Saigon (Book Review) + Vietnam’s Rising Importance In Asia
Sunday, January 27, 2013, marked the 40th anniversary of the signing of the Paris Peace Accords that paved the way for the end of the United States’ formal military involvement in the Vietnam War. The conflict would continue until April 1975, when communist North Vietnam conquered the US-backed South, but by that time Washington had effectively already abandoned the regime in Saigon.
By coincidence, over the weekend I finished reading Saigon, an epic 750-page novel by former British journalist Anthony Grey that covers the period 1925-1975. The novel was first published in 1982 and is now sadly out of print; I only happened to have discovered it by chance at the second-hand book market several months ago. Nevertheless, if you can get hold of a copy, it’s well worth the read.
Saigon is a multi-decade, multi-family saga covering a huge swathe of modern Vietnamese history. Perhaps the easiest way to think of the book is as the ‘Gone With The Wind’ of the Indochina wars, at least in scope. The reader largely experiences the events through four main families: the wealthy and politically influential Sherman family of America; the Devraux family, who are French colonial settlers; the Tran family, who are powerful and pro-French Vietnamese landowners; and the Ngo family, who are servants of the Devraux family, but eventually turn against them and join the anti-colonial rebellion.
The story begins in 1925 with American Senator Nathaniel Sherman visiting Vietnam with his wife and young sons, a trip that would ultimately lead to Sherman’s sons and grandsons being heavily involved in events in Vietnam for the next 50 years. The novel is divided into eight parts, each dealing with a major phase of Vietnam’s struggle for independence, such as the failed anti-colonial uprising of 1930; Vietnam during the Pacific War; the Battle of Dien Bien Phu of 1954, which led to France’s defeat; the early phase of US military involvement in 1963; the Tet offensive and the height of US combat in Vietnam in 1968-1969; and lastly the US withdrawal and the final collapse of South Vietnam in 1972-1975.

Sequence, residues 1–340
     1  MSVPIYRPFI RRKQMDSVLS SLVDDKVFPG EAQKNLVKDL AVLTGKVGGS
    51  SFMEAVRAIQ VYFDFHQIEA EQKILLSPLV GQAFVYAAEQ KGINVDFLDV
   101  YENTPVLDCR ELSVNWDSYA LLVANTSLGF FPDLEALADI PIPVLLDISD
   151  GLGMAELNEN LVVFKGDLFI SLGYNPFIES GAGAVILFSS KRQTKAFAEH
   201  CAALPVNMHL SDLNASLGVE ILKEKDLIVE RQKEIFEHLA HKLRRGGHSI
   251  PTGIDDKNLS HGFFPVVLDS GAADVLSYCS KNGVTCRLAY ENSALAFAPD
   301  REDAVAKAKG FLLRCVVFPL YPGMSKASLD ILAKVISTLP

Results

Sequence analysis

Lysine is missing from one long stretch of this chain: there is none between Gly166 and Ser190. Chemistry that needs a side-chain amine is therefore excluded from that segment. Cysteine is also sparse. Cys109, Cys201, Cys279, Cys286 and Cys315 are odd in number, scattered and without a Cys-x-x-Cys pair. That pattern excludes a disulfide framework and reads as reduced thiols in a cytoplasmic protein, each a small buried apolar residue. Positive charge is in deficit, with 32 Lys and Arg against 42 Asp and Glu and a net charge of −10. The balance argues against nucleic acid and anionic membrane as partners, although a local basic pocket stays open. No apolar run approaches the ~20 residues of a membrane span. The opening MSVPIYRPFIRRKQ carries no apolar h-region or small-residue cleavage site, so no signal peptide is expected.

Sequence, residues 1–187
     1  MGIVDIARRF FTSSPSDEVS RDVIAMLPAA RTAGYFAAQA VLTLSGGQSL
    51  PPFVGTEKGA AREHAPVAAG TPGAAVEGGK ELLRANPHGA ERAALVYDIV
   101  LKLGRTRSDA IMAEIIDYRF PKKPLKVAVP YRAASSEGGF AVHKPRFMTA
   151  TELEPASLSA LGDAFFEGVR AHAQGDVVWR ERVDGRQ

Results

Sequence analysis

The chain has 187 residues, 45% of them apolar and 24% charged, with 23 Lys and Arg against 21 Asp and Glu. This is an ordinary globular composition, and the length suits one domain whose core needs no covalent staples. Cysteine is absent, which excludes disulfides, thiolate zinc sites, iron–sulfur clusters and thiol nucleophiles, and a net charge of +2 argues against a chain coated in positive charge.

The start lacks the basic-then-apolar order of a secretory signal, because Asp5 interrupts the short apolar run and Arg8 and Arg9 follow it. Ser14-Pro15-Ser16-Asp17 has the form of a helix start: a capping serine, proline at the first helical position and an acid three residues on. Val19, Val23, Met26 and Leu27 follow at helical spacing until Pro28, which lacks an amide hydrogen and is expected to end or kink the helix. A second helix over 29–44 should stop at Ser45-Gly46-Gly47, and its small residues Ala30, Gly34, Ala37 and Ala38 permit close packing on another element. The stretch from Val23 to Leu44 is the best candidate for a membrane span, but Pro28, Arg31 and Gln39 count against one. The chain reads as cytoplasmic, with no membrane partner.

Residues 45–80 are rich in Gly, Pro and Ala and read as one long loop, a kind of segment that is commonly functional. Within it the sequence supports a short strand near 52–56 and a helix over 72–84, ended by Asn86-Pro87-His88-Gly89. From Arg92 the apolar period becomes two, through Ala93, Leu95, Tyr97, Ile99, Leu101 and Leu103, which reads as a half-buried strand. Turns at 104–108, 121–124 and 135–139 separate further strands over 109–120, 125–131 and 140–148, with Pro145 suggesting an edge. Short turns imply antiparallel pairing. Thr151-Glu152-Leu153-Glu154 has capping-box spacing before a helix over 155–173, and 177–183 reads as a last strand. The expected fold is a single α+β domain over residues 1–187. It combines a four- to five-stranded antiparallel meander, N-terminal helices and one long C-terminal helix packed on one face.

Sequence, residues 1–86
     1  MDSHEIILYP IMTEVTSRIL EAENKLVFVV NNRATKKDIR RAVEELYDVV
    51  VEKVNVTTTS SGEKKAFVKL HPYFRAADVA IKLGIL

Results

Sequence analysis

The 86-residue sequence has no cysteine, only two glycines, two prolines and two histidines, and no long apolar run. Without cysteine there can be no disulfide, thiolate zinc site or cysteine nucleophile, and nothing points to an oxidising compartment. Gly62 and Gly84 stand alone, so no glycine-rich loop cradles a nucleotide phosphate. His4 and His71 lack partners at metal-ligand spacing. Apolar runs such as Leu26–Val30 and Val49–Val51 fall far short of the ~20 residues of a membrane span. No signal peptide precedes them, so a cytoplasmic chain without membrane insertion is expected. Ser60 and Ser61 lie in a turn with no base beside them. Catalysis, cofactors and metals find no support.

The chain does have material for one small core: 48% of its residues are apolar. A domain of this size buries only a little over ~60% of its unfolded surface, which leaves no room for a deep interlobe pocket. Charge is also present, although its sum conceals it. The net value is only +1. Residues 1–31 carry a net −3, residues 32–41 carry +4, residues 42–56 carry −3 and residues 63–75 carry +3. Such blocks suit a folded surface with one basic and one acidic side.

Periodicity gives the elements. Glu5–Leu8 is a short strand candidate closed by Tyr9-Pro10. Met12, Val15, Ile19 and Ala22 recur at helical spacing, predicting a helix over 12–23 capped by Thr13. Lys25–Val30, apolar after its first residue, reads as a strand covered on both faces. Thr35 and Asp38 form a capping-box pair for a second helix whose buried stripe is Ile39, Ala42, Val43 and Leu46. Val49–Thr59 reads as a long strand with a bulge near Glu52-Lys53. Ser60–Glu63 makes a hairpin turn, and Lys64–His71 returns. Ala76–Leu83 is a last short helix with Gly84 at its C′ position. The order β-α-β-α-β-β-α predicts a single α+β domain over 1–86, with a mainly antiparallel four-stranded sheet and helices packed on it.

As might be expected, the war not only divides Vietnam, but also the main families of the story along political lines, with often deadly consequences. There’s certainly a lot of tragedy going around in this book. Several real life historical figures, such as Vietnamese revolutionary leader Ho Chi Minh, North Vietnamese military commander Vo Nguyen Giap, and South Vietnamese President Ngo Dinh Diem also make brief appearances in the story.
Overall, I would recommend the novel Saigon first and foremost to anyone with even a cursory interest in Vietnam or Asian history, but also to anyone who likes good and highly readable historical fiction involving revolution, war, family drama, tragedy, and political intrigue, all leading to a gripping finale that coincides with a major world event.
Vietnam’s Rising Importance
Almost four decades after the end of the Vietnam War, Vietnam is rising in importance, economically and geopolitically. Vietnam is now recognised as one of the next generation of emerging markets, albeit one whose recent growth has not been as smooth as neighbouring China, with which it is often compared. Meanwhile, the US has been seeking to develop closer relations with Vietnam, in a context where both countries are apprehensive about the rise of China. Hanoi and Beijing dispute parts of the South China Sea, which, along with the East China Sea, is emerging as a zone of geopolitical competition in Asia. Thus, we can expect to hear more about Vietnam over the coming years.